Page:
Top 10 Uses For Graphene
Graphene is a crystallized form of carbon, much like diamonds, that has its carbon atoms arranged in a regular hexagonal pattern.
This one atom thick layer of mineral graphite is light, strong and an excellent conductor of heat and electricity. Its unique properties allow its use in many applications. This is a short list of some of the areas which have shown some interesting applications of graphene.
- Ultracapacitors – Graphene’s unique properties make it a great material for storing electrical energy. An article in the MIT Technology Review indicates that Korea has developed the technology to a point where they feel a graphene supercapacitors can be used in electric vehicles. Imagine being able to recharge an electric vehicle in 16 seconds as opposed to hours.
- Medicine – Graphene can enhance Polymearase chain reaction (PCR) through its thermal properties thereby increasing the amount of DNA product produced by each PCR cycle, reducing the cycles required by as much as 65%.
- Desalination – Current research indicates that graphene filters can outperform current technology significantly. Imagine what that would mean to providing potable water to countries with water challenges.
- Solar cells – Graphene has excellent electrical conductivity and optical transparency making it a great candidate for use in solar cells. Coupled with its capacitive capabilities it’s not difficult to imagine graphene used not only to collect energy but store it.
- Transparent conducting electrodes – The flexibility of the material, coupled with the optical transparency and conductive properties make graphene a good solution for applications such as touch screens, liquid crystal displays, organic photovoltaic cells and organic light emitting diodes.
- Computer chips – Because graphene can be used for integrated circuits or transistors, it’s entirely feasible for graphene to be used for this application. Considering that the material is a single atom thick it’s entirely possible to achieve denser, more powerful chips that require less electricity.
- Optical storage – What’s exciting about this is that graphene can provide the ability to develop holographic storage with orders of magnitude more capacity than current blu-ray technology. Australian researchers report that they’re reaching a density of 3.2 terabits per cubic inch; a significant improvement over current hard drive capacities which are just approaching 1 terabit per cubic inch.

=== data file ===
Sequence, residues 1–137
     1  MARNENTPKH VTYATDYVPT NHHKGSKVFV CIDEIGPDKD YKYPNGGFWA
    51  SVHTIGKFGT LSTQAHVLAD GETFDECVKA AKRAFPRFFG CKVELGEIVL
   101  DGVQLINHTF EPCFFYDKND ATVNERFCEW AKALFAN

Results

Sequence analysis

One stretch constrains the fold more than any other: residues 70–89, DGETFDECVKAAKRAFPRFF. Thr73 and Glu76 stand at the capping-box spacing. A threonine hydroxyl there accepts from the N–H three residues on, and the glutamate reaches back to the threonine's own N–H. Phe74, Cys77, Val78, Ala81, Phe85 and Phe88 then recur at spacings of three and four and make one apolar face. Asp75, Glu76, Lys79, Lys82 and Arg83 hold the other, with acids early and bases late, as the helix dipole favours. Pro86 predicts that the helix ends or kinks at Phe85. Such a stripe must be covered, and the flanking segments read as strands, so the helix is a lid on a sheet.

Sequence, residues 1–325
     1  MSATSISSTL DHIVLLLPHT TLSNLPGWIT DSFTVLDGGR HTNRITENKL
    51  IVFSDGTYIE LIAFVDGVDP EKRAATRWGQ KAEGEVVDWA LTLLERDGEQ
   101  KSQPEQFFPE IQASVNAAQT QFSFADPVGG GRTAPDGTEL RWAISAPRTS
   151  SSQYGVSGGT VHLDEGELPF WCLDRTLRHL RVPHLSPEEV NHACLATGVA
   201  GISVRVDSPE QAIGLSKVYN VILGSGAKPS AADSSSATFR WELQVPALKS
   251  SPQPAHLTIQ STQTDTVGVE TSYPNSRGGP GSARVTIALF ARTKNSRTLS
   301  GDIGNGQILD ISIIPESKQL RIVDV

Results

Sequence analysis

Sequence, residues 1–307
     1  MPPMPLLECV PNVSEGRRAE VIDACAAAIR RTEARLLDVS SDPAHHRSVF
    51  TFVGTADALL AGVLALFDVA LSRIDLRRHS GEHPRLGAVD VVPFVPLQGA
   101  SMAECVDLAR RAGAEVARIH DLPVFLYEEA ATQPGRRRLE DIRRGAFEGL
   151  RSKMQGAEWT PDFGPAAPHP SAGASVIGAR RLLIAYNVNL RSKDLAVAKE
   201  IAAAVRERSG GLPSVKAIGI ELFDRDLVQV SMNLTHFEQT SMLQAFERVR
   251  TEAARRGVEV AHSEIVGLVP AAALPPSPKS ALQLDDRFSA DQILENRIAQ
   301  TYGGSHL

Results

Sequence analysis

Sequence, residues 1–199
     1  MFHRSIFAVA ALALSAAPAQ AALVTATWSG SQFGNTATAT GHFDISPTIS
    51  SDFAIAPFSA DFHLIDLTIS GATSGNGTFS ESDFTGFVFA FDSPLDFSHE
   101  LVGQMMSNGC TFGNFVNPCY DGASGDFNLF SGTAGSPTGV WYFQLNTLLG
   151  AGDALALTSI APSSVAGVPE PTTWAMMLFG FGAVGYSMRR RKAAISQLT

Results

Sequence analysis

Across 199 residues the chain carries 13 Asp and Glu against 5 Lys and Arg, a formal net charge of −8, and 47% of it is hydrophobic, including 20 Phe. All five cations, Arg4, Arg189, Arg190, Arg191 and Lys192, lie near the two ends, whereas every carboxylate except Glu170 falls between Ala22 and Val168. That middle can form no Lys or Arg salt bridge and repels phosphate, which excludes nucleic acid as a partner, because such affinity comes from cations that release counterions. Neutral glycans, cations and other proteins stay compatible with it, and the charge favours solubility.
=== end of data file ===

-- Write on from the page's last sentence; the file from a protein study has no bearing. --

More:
- Additive to coolants – Because of its excellent thermal properties, graphene used as an additive to coolants can improve the conductivity of the coolant by 86%.
- Thermal management materials – A three dimensional multilayer graphene structure can be used as a thermal conductor to remove heat from circuitry.
- Ethanol distillation – Graphene oxide membranes allow water vapor to pass through it while impermeable to all other liquids and gases including helium. This makes it excellent for use in distilling liquids without adding heat or vacuum to the process making the production of biofuels more economical.
There are other related uses for graphene that I’ve not addressed in this article. Many of the electrical applications include amplification of different types of signals and determining how the material reacts to magnetism. More and more research is being conducted to determine other applications for this material especially when combined with other materials.
(Image Credit – Pomona College )
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